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Two Weeks (And Change) In, Some Observations On The Pac-12 Networks

I guess I'm one of the few lucky ones able to view the Pac-12 Networks (or at least two of them). We are a week into the project, so here's some of my thoughts for those that aren't able to get it.

The Good

  • Quality - I expected this coming in, being a product of Larry Scott and all. The quality is very sharp and clean, leaving you with the feeling that everything is very professional when you turn off the TV.
  • Insightful Commentary - One of my main concerns heading into last week was regarding the level of commentary from the announcers. Expecting it to be very basic, I was pleasantly surprised. The three main football analysts, Rick Neuheisel, Ronnie Lott, and Curtis Conway, actually leave you feeling smarter after watching a segment.
  • Good For Both The Casual And Hardcore Fan - This is one of my favorite things about the networks. For instance, if you're a hardcore Oregon State fan watching the Oregon State Football Preview, you might not learn anything ground-breaking, but solid insight is what makes it worthwhile. Meanwhile, for the casual Beaver fan or fan of another school, everything about the show would be excellent.
  • Pac-12 Classics - Best part of the network, by far. Without a doubt. Already I've watched 2009 Oregon-Arizona, 2006 USC-Oregon State, 2007 Stanford-USC, 2008 TCU-Utah, and 2011 USC-Oregon. It's played in a tidy two-hour window, fitting in all the necessary plays while adding in insightful commentary from broadcasters, players, coaches, and writers. Excellent stuff.
  • Olympic Coverage - I'll appreciate this more once we get to the spring, but already I've been introduced to college soccer and women's volleyball, and liked em both. Did you know in college soccer the clock counts down, and there's overtime for regular season games? Two of the things I hate about regular soccer are fixed right there. And volleyball. Nuff said.
  • FOOTBAW - Thursday's openers were boring, but we almost got an Appalachian State-Michigan moment (first ever football game for the Big Ten Network) on Friday with San Jose State-Stanford. In the end, the upset wasn't meant to be, but you got to appreciate that the network ran a live football game very well.
  • It's Seven Networks. Covering The Pac-12. For People. - Regardless of any technical problems or carrier deals, from the eyes of someone that can see them, this is great. There's more coverage then you could ever ask for (just look at our hoops schedule), and the good definitely outweighs the bad.

The Bad

  • It's A Pac-12 Infomercial - Believe it or not, this gets annoying after awhile. However, I must say, that the announcers do try hard while covering events to be neutral.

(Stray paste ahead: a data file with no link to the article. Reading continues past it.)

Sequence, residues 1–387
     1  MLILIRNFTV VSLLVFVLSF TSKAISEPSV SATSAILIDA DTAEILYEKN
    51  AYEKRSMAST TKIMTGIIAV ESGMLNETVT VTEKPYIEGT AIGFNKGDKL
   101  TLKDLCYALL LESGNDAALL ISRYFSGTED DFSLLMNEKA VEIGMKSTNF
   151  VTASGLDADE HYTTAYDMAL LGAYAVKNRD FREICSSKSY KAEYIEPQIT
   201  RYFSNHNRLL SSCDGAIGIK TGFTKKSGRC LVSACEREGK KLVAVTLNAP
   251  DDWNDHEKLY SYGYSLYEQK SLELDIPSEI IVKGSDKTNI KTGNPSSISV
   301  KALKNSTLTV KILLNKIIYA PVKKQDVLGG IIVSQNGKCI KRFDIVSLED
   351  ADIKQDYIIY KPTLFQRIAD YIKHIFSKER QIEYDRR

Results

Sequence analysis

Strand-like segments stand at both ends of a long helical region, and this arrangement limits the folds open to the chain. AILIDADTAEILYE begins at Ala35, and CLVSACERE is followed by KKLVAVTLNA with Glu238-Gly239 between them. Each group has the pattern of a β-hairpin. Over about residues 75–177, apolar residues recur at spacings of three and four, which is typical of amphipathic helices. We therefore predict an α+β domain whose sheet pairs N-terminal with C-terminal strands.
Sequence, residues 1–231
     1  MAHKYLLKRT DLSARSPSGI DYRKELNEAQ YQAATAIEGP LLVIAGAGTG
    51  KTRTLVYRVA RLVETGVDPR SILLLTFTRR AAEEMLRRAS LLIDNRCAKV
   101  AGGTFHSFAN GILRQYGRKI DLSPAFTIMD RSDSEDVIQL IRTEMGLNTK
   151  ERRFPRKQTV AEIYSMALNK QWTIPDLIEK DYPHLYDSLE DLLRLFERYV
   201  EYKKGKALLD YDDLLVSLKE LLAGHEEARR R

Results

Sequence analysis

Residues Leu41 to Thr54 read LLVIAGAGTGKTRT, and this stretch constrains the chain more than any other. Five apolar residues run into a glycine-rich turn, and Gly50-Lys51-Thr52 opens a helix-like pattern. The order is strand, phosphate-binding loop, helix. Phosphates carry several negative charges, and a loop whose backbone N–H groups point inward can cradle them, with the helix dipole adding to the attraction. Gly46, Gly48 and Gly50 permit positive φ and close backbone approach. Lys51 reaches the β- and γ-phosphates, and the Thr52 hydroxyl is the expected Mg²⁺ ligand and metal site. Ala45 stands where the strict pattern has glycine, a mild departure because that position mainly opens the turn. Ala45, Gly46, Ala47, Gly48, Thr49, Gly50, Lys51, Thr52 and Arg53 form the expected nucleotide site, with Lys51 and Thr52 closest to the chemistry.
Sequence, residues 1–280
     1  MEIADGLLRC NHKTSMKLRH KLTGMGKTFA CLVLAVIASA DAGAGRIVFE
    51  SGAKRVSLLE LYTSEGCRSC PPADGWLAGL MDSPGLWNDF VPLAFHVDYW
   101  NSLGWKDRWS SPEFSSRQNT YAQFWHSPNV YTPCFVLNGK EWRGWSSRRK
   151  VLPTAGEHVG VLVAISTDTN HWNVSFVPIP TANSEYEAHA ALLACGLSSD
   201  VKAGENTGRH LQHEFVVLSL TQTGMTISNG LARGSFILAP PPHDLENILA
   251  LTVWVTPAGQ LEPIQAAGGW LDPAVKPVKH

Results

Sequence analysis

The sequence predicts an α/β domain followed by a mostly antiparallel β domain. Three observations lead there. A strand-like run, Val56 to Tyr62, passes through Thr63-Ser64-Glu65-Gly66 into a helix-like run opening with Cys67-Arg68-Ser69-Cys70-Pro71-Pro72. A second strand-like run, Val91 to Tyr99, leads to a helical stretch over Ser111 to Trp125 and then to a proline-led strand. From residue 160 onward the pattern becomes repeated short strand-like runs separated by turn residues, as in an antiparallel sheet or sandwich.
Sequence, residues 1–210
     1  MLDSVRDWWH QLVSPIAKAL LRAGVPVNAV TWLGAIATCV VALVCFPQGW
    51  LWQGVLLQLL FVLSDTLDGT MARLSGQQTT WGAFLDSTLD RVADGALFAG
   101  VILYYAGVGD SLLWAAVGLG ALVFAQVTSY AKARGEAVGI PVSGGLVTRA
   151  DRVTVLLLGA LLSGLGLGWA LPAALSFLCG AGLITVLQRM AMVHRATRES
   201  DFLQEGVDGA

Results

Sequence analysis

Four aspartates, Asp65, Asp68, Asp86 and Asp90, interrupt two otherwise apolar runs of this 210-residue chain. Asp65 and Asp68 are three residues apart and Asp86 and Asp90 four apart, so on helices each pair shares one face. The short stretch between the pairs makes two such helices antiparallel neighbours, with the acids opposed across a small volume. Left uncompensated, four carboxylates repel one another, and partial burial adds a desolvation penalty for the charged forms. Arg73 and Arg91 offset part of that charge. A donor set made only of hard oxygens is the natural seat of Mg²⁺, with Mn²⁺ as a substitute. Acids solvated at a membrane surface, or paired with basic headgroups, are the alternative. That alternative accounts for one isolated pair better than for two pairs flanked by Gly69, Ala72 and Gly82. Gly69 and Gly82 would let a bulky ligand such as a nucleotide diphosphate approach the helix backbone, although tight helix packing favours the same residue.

• Fan Interviews During Pac-12 Classics - It's unnecessary. I don't need someone who was at the game to tell me how excited the stadium was, or what happened on the play. For one, it's a classic game. Of course the stadium is going to be excited. And two, we can tell what happened on the play. We don't need you to retell it. Leave that to the players and coaches, who were actually involved.
  • Summer Sanders Commercials - There are no YouTube links yet, but she has three commercials where she is either standing by a pool talking about the camaraderie between all Pac-12 schools, talking about a tweet, or talking about how great Stanford is. They are not only obscure, but painful to watch.
  • Mike Yam and Ashley Adamson - Speaking of painful to watch, the way these two hosted the inaugural Pac-12 Live episode has made me yet to watch again. They appeared to be super nervous and were awkward the entire time.
  • We Don't Need No Secondary - At least, that's what the Pac-12 thought on the Oregon State Football Preview.
  • Cutting To Commercial In The Middle Of A Drive - This has happened multiple times during the Pac-12 Classic series. Without warning, with no timeout, injury, or review, they'll cut to commercial in the middle of a drive. Just annoying more than anything else. Like how I implemented this bullet point in-between two related bullets.
  • Terron Ward's The Starter And Now We're Stanford - Quick, what are the two problems in the picture below (Hint: Read the Bold)? Since the Oregon State Preview episode aired before Mike Riley announced a starter at running back, I would have accepted Storm Woods, Malcolm Agnew, or even Jordan Jenkins as a guess as to who the starter would be. But the Pac-12 decided to go way off the board and, boom, just like that, Ward is the guy. Opposing fans will be helplessly confused when they find out Ward won't play all year. The second thing wrong, and this was a little trickier, is that we apparently have abandoned the Slotback position, and in turn, will go the David Shaw route and have a full-time Fullback insteasd. Who knew?

  • Standard Definition Side Blurs - I've saved my biggest complaint for last. The networks need to fix the blurs on the side of the screen when replaying games in standard definition. The Big Ten Network fills up the space with their logo, but I'd be fine with plain black bars also. It's incredibly distracting and is definitely my biggest complaint.